18. Acute resistance exercise reduces increased gene expression in muscle atrophy of ovariectomised arthritic rats

    Directory of Open Access Journals (Sweden)

    Roberto Furlanetto Jr

    2017-02-01

    Full Text Available Objective: We studied the effect of resistance exercise (RE on mRNA levels of atrogin-1, MuRF-1, and myostatin in the gastrocnemius muscle of arthritic rats after loss of ovarian function (LOF. Material and methods : Thirty female Wistar rats (nine weeks old, 195.3 ±17.4 grams were randomly allocated into five groups: control group (CT-Sham; n = 6; group with rheumatoid arthritis (RA; n = 6; group with rheumatoid arthritis subjected to RE (RAEX; n = 6; ovariectomy group with rheumatoid arthritis (RAOV; n = 6; and an ovariectomy group with rheumatoid arthritis subjected to RE (RAOVEX; n = 6. After 15 days of intra-articular injections with Met-BSA the animals were subjected to RE and six hours after workout were euthanised. Results : The rheumatoid arthritis provoked reduction in the cross-sectional area (CSA of muscle fibres, but the CSA was lower in the RAOV when compared to the RA groups. Skeletal muscle atrogin-1 mRNA level was increased in arthritic rats (RA and RAOV, but the atrogin-1 level was higher in RAOV group when compared to other arthritic groups. The Muscle MuRF-1 mRNA level was also increased in the RAOV group. The increased atrogin-1 and MuRF-1 mRNA levels were lower in the RAOVEX group than in the RAOV group. The myostatin mRNA level was similar in all groups, except for the RAOVEX group, in which it was lower than the other groups. Conclusions : LOF results in increased loss of skeletal muscle-related ubiquitin ligases (atrogin-1 and MuRF-1. However, the RE reduces the atrogin-1, MuRF-1, and myostatin mRNA levels in muscle of arthritic rats affected by LOF.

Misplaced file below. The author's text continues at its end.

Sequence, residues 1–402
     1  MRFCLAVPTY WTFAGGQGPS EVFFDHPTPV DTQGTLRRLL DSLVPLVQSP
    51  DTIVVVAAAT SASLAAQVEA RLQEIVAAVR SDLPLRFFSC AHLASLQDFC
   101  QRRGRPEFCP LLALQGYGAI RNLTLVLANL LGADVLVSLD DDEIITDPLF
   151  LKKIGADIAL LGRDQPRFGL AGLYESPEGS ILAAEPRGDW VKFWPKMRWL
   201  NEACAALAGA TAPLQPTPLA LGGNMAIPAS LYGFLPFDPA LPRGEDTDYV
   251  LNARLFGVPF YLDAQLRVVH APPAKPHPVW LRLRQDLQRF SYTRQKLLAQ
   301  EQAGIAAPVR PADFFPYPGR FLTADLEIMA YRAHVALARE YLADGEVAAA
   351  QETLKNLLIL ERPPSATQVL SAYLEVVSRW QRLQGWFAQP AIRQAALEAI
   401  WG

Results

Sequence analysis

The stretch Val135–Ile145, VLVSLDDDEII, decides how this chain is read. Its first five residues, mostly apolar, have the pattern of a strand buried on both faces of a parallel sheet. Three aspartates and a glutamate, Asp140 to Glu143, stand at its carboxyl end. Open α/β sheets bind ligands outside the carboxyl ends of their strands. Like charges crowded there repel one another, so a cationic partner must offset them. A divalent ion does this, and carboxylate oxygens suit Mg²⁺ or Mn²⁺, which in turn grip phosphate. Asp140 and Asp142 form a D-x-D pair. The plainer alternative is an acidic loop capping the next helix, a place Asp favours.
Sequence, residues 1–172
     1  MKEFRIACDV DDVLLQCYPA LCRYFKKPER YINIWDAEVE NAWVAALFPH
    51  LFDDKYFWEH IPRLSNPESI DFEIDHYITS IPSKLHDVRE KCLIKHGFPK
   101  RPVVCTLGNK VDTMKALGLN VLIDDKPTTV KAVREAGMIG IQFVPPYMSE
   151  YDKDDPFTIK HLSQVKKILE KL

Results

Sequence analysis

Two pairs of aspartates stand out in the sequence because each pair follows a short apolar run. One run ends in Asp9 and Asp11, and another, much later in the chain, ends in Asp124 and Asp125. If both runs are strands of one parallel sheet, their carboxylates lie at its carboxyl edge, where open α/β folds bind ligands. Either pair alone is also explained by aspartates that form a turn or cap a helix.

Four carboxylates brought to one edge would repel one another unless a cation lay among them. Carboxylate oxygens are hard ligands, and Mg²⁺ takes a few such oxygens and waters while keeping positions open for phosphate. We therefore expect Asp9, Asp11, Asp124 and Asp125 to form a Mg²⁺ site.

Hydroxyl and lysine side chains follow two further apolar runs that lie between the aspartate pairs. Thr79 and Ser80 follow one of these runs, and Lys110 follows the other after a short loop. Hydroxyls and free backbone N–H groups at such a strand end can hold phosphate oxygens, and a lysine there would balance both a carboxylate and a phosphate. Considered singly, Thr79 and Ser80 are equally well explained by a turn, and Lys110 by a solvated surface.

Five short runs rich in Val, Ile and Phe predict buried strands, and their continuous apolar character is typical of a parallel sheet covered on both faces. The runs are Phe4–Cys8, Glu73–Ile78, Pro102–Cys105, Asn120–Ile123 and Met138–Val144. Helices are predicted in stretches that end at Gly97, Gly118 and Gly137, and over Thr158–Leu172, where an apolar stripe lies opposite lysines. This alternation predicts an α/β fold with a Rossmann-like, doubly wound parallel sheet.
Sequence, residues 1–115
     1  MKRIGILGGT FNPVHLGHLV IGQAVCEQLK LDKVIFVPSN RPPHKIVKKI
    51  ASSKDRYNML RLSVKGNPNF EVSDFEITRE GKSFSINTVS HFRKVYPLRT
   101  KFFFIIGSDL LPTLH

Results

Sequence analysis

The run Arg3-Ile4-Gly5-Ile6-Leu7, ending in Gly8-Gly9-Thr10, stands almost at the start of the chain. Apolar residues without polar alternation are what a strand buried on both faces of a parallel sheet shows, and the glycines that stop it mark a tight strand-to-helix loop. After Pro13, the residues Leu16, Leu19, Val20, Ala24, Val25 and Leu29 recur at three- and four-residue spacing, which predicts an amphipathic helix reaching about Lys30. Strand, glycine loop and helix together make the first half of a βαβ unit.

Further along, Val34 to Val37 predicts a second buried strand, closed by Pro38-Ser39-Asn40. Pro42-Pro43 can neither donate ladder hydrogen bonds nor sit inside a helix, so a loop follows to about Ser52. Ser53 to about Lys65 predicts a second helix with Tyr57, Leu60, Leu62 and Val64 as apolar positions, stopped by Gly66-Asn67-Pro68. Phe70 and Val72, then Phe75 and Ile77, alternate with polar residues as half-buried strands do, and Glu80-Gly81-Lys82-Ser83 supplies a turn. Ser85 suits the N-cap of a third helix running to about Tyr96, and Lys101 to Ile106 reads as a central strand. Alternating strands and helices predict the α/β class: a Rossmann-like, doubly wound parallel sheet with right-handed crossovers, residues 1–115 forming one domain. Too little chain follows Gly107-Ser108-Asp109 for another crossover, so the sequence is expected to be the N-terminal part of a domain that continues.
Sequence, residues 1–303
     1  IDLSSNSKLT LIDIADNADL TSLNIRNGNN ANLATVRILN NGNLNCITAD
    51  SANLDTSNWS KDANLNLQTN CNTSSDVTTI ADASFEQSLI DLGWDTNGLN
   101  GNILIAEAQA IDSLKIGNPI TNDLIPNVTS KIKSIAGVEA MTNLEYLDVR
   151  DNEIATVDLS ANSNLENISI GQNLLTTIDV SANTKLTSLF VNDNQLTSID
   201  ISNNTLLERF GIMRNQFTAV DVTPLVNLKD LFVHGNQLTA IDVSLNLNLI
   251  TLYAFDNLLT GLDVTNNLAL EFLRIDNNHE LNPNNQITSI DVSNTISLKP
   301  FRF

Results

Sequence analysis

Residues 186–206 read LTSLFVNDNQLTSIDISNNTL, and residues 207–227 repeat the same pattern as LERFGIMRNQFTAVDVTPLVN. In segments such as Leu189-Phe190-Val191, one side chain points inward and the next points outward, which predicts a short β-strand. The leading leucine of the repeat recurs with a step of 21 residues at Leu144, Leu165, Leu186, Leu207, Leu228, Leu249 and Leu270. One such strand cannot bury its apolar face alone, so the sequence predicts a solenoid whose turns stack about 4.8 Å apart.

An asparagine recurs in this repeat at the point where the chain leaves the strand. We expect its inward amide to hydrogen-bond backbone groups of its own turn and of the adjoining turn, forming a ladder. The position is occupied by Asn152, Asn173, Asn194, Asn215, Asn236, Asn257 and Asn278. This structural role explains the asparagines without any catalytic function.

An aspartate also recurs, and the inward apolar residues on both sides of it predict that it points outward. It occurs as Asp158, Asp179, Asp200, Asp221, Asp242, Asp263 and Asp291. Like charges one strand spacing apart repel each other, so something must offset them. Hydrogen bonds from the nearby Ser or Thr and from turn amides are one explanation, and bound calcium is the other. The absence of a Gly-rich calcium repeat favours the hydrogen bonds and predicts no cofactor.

19. Right fronto-limbic atrophy is associated with reduced empathy in refractory unilateral mesial temporal lobe epilepsy.

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    Toller, Gianina; Adhimoolam, Babu; Rankin, Katherine P; Huppertz, Hans-Jürgen; Kurthen, Martin; Jokeit, Hennric

    2015-11-01

    Refractory mesial temporal lobe epilepsy (MTLE) is the most frequent focal epilepsy and is often accompanied by deficits in social cognition including emotion recognition, theory of mind, and empathy. Consistent with the neuronal networks that are crucial for normal social-cognitive processing, these impairments have been associated with functional changes in fronto-temporal regions. However, although atrophy in unilateral MTLE also affects regions of the temporal and frontal lobes that underlie social cognition, little is known about the structural correlates of social-cognitive deficits in refractory MTLE. In the present study, a psychometrically validated empathy questionnaire was combined with whole-brain voxel-based morphometry (VBM) to investigate the relationship between self-reported affective and cognitive empathy and gray matter volume in 55 subjects (13 patients with right MTLE, 9 patients with left MTLE, and 33 healthy controls). Consistent with the brain regions underlying social cognition, our results show that lower affective and cognitive empathy was associated with smaller volume in predominantly right fronto-limbic regions, including the right hippocampus, parahippocampal gyrus, thalamus, fusiform gyrus, inferior temporal gyrus, dorsomedial and dorsolateral prefrontal cortices, and in the bilateral midbrain. The only region that was associated with both affective and cognitive empathy was the right mesial temporal lobe. These findings indicate that patients with right MTLE are at increased risk for reduced empathy towards others' internal states and they shed new light on the structural correlates of impaired social cognition frequently accompanying refractory MTLE. In line with previous evidence from patients with neurodegenerative disease and stroke, the present study suggests that empathy depends upon the integrity of right fronto-limbic and brainstem regions and highlights the importance of the right mesial temporal lobe and midbrain

  20. Boosted Regeneration and Reduced Denervated Muscle Atrophy by NeuroHeal in a Pre-clinical Model of Lumbar Root Avulsion with Delayed Reimplantation.